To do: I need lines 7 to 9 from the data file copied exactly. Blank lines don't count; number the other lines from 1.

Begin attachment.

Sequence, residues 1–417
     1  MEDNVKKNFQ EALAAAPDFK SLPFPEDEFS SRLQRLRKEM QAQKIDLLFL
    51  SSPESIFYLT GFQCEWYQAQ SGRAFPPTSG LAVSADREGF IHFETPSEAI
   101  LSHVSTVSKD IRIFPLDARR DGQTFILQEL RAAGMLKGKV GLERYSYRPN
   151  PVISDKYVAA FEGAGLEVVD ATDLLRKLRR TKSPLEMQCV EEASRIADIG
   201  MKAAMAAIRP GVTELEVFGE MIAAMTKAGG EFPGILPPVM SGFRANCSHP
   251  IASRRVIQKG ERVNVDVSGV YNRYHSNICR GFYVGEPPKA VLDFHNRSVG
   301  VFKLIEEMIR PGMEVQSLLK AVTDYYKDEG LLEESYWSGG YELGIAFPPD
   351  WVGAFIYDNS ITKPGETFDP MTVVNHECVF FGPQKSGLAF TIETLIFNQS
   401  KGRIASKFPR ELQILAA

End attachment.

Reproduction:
   251  IASRRVIQKG ERVNVDVSGV YNRYHSNICR GFYVGEPPKA VLDFHNRSVG
   301  VFKLIEEMIR PGMEVQSLLK AVTDYYKDEG LLEESYWSGG YELGIAFPPD
   351  WVGAFIYDNS ITKPGETFDP MTVVNHECVF FGPQKSGLAF TIETLIFNQS